Body art, including tattooing, body piercing, permanent skin coloring, branding and scarification, has become an increasingly popular form of individual expression among people of both genders and all ages.
One is hard-pressed, however, to find too many employees of businesses in town flaunting such flair.
That’s because many business owners still don’t feel too comfortable with how their customers may perceive body art on those offering them a service.
This may be prudent when considering a recent survey taken by The Daily Courier.
While non-scientific, about 52 percent (609) of respondents voted they simply do not like to see tattoos or piercings on people serving them.
Emily Meier, who owns the fast food restaurant Culver’s in Prescott Valley with her husband, is acutely aware of this public opinion.
While she and her husband both have tattoos themselves, they run a tight ship when it comes to employee appearance.
“I personally don’t have anything against tattoos, but we tend to appeal to the retired crowd, so I guess we just don’t want to rock the boat,” Meier said.
Their employees, of which there are quite a few, must all abide by the same policy: no body art is allowed to show except for one set of stud earrings.
For someone with body art on their arms that can’t be temporarily removed, this means either wearing a long-sleeve shirt or an athletic sleeve — a common practice.
If the body art is somewhere that cannot be easily covered, however, such as the neck or a hand, the Meiers don’t go as far as to ask the employees to wear turtlenecks or gloves.
“It is what it is at that point,” Meier said.
As far as tattoos go, it’s a matter of taste.
“My issue with it is that some people don’t have tasteful, appropriate tattoos, so it’s hard for me to tell people yours are good, but yours aren’t,” Meier said. “To not have to fight that fight, we just say everyone has to cover them.”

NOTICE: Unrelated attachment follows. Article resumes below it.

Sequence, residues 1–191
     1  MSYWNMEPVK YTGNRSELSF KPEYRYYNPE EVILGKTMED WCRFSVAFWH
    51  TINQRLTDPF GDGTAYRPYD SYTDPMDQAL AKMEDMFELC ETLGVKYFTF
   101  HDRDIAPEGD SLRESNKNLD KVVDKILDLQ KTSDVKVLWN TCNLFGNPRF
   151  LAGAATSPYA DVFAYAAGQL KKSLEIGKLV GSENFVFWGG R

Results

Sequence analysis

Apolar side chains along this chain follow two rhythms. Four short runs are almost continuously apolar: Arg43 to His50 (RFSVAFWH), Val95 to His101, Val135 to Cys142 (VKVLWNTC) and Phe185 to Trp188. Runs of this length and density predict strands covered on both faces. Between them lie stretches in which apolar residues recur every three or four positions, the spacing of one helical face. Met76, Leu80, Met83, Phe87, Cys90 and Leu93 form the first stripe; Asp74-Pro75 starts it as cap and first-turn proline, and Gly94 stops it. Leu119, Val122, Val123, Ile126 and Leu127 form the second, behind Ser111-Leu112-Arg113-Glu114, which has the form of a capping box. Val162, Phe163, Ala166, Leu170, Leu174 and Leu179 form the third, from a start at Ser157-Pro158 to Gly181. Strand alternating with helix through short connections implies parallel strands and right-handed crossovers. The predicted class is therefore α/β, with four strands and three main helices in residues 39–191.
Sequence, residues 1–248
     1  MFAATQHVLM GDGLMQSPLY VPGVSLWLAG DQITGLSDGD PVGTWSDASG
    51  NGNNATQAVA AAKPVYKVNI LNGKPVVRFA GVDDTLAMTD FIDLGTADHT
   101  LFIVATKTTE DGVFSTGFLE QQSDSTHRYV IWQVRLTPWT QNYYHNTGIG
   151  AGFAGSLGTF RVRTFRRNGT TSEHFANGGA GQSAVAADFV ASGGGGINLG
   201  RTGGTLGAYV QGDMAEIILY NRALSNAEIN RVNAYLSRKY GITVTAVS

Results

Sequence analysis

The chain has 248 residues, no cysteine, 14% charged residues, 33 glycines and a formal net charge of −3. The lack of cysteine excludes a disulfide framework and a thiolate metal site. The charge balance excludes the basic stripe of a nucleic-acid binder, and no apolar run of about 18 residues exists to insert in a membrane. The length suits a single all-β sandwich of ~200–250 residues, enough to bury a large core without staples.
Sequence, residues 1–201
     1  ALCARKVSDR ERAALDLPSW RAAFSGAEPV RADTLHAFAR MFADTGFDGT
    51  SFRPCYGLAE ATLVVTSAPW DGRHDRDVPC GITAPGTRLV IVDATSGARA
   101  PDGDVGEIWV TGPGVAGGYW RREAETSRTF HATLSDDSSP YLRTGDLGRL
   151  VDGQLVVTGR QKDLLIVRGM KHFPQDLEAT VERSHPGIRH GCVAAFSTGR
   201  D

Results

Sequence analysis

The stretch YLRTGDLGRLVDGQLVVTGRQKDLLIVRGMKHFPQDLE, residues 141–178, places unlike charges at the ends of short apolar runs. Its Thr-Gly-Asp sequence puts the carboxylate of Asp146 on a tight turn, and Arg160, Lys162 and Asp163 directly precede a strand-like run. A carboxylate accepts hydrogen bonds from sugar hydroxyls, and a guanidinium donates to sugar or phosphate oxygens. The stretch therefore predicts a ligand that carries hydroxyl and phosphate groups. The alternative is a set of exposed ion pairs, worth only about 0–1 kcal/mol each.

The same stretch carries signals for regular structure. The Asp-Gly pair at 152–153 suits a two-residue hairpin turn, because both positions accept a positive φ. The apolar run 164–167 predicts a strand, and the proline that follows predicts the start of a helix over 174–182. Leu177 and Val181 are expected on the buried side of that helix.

For piercings and other related accessories, it’s more of a sanitation concern.
“It’s food safety,” Meier said. “We don’t want anything like that falling into the food. That sort of stuff also tends to harbor bacteria.”
Barry Barbe, owner of the Prescott restaurant El Gato Azul, has a slightly more laid-back attitude toward body art.
“For the most part, as long as it’s tasteful and doesn’t distract from the dining experience, I don’t have a problem with it,” Barbe said.
This is only a recent policy view for Barbe, however.
“We used to be much stricter about it five or 10 years ago,” he said. “I think [body art] has become more acceptable. Before, there were no excessive piercings beyond the ears, but now we allow nose rings and whatnot.”
Case in point, he has several employees with visible body art.
Server Tyler Stevenson, for instance, has tattoos completely covering his right arm and often wears a nose piercing.
Though he considered what sort of career impediment visible tattoos might be for him when he started getting them, he consciously pushed through that social conditioning.
“I decided I’m not going to let people determine what I do with my body,” he said.
In his current position as a server, he’ll occasionally get telling looks from older, more conservative customers, but most don’t seem to mind his body art, he said.
“I see a lot of older people now that have fresh tattoos, so I even see them transitioning to the alternative, kind of ‘I don’t care’ lifestyle,” he said.
And while body art may alter his appearance, it has no impact on the quality of his performance as an employee, Barbe said.
“He’s a great employee,” Barbe said. “There’s no question about that.”